What is usability?


Learn how to assess the usability of your website.
Check whether your website needs fast improvement.


refers to the ease and convenience of navigating a website. Usability influences the satisfaction of website visitors, who like to navigate our website with ease.

What should be verified first and foremost?

  • Compare the font size on your website with fonts at e.g. onet.pl, amazon.com, yahoo.com

These website were designed in line with usability principles. Make sure your font size is not too small. It is hard to read texts in higher resolutions. I use 1280x960 myself. For your information, ca. 87% users use 1024x768 or higher resolution.

  • Are your links clearly described?

A user or potential customer must be certain which elements on your website are links and which are graphics or text.

I noticed that images found on websites are often poorly described, i.e. text appears only after you click or hover over an image.

  • Does your website include an intro that is unnecessary (from the point of view of usability)?

The intro is quite popular and rather grandiose. REMEMBER! It is unnecessary from the point of view of usability. It consumes the user’s valuable time as they have to click (the intro or another element) just to turn it off, which is distracting. After all, the user visits your website for a specific purpose, not to view the intro.

  • Are all website menu items always interpreted the same way?

Selecting a wrong name for your website or its section is a frequent mistake, which can be easily avoided. The user should know what to expect from a given menu/submenu item. A name that is too vague can make it difficult to identify the content of a given subpage.

  • Is your company logo located in the top left corner?

Is the logo clickable? Are you redirected to the homepage if you click the logo?

  • Is your website menu clearly described?

For example, if you activate a menu item, is it highlighted using e.g. a different color?

  • Does it take three clicks at most to get from the homepage to any part of your website?
  • Is it possible to get back to the homepage from any part of your website?
  • Does your website include a website-specific search engine?
  • Do you have a subpage with a sitemap?
  • Does each subpage have its own and well-matching title?
  • Do you use cookies?

That is, small files that store user preferences applied during subsequent visits? For example, if you have a website available in two languages, a person who chose Polish once will always see the website in Polish (unless they modify the preferences themselves).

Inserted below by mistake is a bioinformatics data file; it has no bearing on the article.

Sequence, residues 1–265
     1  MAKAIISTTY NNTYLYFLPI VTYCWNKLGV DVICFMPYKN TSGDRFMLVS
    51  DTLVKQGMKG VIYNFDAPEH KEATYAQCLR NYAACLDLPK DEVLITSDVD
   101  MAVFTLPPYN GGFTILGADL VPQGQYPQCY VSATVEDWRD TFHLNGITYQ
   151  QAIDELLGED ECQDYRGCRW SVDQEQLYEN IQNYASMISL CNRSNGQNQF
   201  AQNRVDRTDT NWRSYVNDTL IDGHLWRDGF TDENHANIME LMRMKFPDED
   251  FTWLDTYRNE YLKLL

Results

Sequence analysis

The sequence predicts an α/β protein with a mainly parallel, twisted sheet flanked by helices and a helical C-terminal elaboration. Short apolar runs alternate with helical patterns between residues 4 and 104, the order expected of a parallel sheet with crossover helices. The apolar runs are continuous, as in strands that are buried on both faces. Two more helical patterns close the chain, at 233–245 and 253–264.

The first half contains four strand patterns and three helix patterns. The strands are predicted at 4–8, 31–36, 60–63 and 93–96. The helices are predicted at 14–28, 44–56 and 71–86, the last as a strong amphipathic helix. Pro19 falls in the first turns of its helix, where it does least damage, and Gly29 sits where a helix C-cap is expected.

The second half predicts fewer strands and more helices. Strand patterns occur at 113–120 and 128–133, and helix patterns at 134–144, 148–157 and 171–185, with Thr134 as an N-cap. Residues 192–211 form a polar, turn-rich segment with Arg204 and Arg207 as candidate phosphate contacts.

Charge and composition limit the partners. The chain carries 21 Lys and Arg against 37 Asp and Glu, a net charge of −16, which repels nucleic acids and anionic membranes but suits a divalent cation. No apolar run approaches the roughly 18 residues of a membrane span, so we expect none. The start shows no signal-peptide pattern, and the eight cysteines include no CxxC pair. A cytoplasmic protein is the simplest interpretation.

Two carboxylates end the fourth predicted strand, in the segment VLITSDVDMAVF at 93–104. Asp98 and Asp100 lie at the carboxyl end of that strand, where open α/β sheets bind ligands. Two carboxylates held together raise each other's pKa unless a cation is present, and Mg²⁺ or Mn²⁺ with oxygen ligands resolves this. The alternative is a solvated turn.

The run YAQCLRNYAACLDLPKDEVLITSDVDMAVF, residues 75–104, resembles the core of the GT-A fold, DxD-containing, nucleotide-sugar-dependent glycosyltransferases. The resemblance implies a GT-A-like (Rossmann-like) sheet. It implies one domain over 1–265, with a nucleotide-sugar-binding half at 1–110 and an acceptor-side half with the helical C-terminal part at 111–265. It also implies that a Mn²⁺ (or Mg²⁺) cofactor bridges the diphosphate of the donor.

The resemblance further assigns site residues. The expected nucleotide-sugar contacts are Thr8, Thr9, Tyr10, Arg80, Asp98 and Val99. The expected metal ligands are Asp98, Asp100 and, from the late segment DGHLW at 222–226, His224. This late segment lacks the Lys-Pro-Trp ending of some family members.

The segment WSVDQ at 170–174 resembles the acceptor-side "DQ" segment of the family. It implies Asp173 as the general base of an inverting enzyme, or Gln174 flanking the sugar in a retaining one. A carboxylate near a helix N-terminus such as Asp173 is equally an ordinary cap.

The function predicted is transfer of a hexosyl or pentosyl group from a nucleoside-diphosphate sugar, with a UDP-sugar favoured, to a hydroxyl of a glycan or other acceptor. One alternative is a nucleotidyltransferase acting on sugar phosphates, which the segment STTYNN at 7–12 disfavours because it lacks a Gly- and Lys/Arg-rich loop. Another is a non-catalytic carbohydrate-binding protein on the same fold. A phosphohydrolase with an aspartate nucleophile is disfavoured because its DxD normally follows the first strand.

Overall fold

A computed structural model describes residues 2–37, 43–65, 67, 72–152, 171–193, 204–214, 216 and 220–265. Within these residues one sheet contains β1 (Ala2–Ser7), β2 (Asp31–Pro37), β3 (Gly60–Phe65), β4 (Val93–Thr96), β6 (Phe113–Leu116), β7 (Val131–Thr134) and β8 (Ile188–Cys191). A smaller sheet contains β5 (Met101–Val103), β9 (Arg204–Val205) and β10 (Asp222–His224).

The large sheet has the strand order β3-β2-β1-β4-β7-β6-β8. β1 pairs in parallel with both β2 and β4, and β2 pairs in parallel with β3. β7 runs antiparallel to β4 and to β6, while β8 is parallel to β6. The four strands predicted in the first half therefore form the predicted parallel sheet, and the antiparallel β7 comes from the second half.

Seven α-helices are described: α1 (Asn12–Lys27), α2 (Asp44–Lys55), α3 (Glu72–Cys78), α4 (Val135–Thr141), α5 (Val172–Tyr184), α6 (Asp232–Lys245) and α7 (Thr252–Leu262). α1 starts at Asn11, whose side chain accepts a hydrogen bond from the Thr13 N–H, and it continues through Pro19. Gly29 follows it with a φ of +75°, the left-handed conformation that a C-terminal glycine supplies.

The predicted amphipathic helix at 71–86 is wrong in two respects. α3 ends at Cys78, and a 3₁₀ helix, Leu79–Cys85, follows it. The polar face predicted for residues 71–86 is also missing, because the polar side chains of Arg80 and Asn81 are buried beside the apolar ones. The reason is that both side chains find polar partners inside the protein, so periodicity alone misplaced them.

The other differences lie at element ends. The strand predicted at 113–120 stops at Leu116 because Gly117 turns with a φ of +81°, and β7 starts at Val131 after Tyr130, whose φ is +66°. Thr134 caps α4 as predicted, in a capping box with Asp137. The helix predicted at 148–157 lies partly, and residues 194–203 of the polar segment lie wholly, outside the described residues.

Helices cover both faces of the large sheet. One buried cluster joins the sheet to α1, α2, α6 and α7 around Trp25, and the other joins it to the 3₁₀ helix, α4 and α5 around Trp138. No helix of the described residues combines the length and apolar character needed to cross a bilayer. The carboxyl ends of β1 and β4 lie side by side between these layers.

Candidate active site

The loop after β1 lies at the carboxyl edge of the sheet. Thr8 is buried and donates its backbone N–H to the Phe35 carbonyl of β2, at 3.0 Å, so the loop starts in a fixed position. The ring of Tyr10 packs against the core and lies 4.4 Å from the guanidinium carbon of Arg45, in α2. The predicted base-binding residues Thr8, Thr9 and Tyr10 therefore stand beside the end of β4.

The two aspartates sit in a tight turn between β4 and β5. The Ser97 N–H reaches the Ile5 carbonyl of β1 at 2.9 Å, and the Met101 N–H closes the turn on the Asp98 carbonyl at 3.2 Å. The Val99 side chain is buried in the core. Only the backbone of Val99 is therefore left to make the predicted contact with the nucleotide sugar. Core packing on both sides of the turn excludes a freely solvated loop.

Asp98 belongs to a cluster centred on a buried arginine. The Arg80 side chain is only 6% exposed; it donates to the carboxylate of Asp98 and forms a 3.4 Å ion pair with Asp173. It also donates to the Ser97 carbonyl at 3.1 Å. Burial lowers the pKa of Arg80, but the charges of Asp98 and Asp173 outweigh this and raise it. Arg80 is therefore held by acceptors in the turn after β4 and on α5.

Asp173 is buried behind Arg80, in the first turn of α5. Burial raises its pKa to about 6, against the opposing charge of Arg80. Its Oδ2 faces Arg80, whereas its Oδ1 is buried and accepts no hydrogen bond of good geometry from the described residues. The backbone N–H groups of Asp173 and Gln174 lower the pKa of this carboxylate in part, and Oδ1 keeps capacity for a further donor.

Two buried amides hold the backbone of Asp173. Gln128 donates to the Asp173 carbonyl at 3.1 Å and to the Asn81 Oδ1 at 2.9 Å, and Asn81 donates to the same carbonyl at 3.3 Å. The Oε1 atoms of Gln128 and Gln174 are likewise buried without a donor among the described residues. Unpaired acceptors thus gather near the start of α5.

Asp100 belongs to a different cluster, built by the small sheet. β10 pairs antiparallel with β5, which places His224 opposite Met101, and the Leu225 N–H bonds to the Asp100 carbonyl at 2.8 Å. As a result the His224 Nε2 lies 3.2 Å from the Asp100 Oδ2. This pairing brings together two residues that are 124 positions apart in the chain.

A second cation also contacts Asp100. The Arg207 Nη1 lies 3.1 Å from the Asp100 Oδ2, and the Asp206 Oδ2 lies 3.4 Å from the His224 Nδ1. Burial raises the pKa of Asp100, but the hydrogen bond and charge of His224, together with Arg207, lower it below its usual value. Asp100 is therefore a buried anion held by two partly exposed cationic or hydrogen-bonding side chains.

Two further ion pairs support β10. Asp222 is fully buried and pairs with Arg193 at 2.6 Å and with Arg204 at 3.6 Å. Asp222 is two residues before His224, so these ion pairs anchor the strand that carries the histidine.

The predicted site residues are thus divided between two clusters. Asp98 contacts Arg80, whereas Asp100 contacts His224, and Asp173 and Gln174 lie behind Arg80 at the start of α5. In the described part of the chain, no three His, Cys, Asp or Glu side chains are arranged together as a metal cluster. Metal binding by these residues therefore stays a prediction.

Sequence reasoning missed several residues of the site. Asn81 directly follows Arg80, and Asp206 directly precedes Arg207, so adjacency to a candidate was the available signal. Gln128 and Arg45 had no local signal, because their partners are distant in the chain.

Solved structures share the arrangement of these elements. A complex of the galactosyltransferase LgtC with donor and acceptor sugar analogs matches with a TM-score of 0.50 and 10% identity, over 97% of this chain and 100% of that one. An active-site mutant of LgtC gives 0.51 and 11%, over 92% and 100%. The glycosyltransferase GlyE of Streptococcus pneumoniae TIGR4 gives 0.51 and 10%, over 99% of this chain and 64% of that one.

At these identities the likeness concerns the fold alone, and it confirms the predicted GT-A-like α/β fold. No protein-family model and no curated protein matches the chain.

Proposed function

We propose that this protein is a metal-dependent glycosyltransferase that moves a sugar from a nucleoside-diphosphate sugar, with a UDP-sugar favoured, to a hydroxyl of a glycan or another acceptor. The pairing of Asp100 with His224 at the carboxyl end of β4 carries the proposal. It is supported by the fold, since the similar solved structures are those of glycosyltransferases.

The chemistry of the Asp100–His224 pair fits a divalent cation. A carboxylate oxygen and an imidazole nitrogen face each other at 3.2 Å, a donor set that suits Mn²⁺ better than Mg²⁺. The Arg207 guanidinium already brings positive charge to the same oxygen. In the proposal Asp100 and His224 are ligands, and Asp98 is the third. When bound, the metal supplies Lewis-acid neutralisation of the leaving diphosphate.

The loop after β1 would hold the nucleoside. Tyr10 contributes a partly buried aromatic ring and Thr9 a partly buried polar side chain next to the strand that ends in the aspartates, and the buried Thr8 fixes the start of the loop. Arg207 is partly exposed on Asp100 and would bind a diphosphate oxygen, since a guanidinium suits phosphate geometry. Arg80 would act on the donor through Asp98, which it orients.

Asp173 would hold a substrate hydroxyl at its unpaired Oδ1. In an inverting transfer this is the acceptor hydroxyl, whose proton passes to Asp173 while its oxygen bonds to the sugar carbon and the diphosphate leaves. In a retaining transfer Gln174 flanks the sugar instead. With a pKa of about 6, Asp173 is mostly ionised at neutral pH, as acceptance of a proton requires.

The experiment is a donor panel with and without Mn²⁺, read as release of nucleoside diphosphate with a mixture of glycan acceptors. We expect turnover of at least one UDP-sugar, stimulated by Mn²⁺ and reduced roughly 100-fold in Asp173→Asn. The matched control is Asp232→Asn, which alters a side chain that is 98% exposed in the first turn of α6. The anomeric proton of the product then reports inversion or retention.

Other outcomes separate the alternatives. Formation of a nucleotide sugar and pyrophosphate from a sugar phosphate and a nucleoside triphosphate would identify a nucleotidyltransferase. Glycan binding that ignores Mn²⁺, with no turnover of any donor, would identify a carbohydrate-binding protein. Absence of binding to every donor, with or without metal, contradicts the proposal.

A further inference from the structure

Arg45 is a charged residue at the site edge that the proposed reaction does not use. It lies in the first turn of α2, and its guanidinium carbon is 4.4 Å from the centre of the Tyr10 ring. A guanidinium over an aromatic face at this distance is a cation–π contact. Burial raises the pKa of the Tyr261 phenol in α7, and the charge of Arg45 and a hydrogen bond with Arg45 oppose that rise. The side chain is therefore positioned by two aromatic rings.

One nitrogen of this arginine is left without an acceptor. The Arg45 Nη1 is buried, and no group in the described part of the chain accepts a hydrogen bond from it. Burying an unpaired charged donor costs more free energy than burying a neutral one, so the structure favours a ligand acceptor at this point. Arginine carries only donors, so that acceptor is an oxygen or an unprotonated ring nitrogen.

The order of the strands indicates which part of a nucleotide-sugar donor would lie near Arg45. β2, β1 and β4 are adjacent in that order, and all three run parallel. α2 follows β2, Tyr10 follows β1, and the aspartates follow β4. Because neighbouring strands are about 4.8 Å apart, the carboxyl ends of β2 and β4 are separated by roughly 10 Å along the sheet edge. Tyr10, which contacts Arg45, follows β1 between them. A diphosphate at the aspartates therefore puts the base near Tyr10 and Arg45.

As far as usability is concerned, the MENU may be either on the left or the right side.

How to check whether your website is in line with usability principles?

You have two options.


Invite a friend to your home and make them a good coffee. Ask them to help you improve your website. Talk to them and ask them to visit your website and find something you/they want.

I think it is best to tell them right away that you want to analyze their behavior to discover the level of your website’s usability.

However, your friend might become edgy and tense.

Notice how the mouse cursor moves across the screen. Usually, people unconsciously move their mouse cursor to what they are currently looking at. Check whether your friend’s cursor wanders around. Do they make mistakes? Do they find what you asked them to look for quickly and easily? If you notice any sign of impatience, think of it as a warning that your website is not functional. A stranger having hard time navigating your website will probably close it and go to the competition.

Remember that your friend is doing you a favor by helping you test your website. Make them feel relaxed and avoid giving instructions to make the test more reliable.

Test your website with the help of several friends. Mistakes are often found by more than one person. By asking several friends to test your website, you can correctly identify mistakes and corroborate the observations of the first friend who tested your website.


Paid tests are carried out in a special studio. The website tester sits in an isolated room. They receive requests to find something on the website. In another room, specialists look at monitors and analyze the user’s behavior and reactions as well as mouse cursor movement. However, such tests are expensive and usually only the owners of large websites can afford them.

Both paid and free testing of website usability is aimed at checking whether the names are correct and the content is of good quality, whether website navigation is natural and whether it is easy to find information.

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